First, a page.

University of Florida scientists say they have discovered what causes "hot spots" that help explain the Atlantic coastline’s sea level rise.
Their work began after the Indian River Lagoon on Florida’s Atlantic coast became much saltier after 2011. Arnoldo Valle-Levinson, a professor of civil and coastal engineering sciences in the College of Engineering, checked local tidal gauges, and found that seas in the region were rising nearly 10 times faster than the long-term rate.
When he reviewed tidal data for the entire eastern seaboard, he found similar numbers for all tide gauge stations south of Cape Hatteras, revealing what he termed a "hot spot."
Sea level rise hot spots — bursts of accelerated sea rise that last three to five years — happen along the U.S. East Coast thanks to naturally occurring climate variations, according to a new study led by Valle-Levinson.
After UF scientists identified the hot spot reaching from Cape Hatteras to Miami, they probed the causes by analyzing tidal and climate data for the U.S. eastern seaboard. The study, published online in Geophysical Research Letters, shows that seas rose in the southeastern U.S. between 2011 and 2015 by more than six times the global average.
The study’s findings suggest that future sea level rise resulting from global warming will also have these hot spot periods superimposed on top of steadily rising seas.
Smooth projections of sea level rise do not capture this variability, the researchers say, so adverse effects of sea level rise may occur before they are predicted to happen. The entire U.S. Atlantic coastline is vulnerable to these hot spots that may amplify the severity of coastal flooding.
The combined effects of El Niño (ENSO) and the North Atlantic Oscillation (NAO), both of which are naturally occurring climate processes, drove the recent hot spot, according to the study. The authors also discovered similar hot spots at various positions along the U.S. eastern seaboard over the past century. They found that these past hot spots are also explained by the combined influence of ENSO and NAO.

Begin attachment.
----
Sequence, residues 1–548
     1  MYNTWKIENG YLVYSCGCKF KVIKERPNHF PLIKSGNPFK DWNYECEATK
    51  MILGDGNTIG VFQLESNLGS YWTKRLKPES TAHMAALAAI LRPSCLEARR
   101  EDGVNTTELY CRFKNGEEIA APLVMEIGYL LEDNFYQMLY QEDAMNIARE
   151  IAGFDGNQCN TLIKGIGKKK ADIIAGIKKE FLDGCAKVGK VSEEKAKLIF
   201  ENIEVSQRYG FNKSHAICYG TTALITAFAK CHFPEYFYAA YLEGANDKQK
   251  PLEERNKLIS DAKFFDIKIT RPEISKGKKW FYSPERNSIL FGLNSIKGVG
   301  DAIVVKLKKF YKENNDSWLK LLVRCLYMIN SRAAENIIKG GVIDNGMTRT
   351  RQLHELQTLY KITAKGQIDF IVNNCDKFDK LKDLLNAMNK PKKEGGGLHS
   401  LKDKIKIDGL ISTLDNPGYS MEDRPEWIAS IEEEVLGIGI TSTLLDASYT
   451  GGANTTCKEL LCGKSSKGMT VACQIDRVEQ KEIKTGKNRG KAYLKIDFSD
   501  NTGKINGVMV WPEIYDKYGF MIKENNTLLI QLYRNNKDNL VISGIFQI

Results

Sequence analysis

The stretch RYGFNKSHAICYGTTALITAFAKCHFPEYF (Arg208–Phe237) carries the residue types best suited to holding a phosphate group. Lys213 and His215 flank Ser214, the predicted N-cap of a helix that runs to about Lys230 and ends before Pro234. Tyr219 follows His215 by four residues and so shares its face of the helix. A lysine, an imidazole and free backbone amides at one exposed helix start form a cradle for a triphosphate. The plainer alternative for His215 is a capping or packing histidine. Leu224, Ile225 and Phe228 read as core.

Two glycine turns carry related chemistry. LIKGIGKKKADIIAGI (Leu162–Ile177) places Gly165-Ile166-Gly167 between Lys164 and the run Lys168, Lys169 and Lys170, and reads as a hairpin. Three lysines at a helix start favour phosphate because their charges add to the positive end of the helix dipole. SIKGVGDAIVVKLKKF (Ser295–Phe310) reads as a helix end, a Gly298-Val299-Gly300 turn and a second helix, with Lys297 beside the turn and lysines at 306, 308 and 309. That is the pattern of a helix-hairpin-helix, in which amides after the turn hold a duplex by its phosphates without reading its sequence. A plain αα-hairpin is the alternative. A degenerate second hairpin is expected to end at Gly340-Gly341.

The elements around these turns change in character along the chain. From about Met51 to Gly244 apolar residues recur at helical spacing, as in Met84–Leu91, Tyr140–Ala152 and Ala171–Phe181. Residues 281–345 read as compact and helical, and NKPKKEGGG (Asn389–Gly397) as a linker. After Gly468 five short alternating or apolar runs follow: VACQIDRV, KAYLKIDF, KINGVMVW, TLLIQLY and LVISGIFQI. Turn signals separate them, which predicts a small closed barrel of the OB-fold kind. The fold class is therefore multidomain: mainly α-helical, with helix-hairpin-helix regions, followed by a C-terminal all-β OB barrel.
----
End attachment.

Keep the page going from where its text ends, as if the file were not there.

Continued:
The finding challenges previous arguments that a hot spot north of Cape Hatteras over the past few decades was due to a slowdown of circulation in the North Atlantic, which is itself due to global warming.
Instead, the authors discovered the combination of these two naturally occurring ocean-atmosphere processes explained both the timing and the location of hot spots observed along the entire U.S. Atlantic coast.
While a slowdown of circulation in the North Atlantic can further exacerbate sea level rise in the northeast, it does not explain the accelerations observed in the southeast, and was not required to explain the hot spots observed in the northeast, according to the study.
The authors found that hot spots observed over the past century were created by the influence of ENSO that affects the amount of water that accumulates in the western portion of the North Atlantic and causes seas to rise along the entire U.S. Atlantic coast. This sea level rise is then concentrated to the north or south by the NAO, which is a measure of the atmospheric pressure difference between Iceland and the Azores.
“It’s amazing to see construction along the East Coast. That’s the worst place to build anything,” said Valle-Levinson, who described the future for some southeastern U.S. cities as “Venice-like” and added, “We need to understand that the ocean is coming.”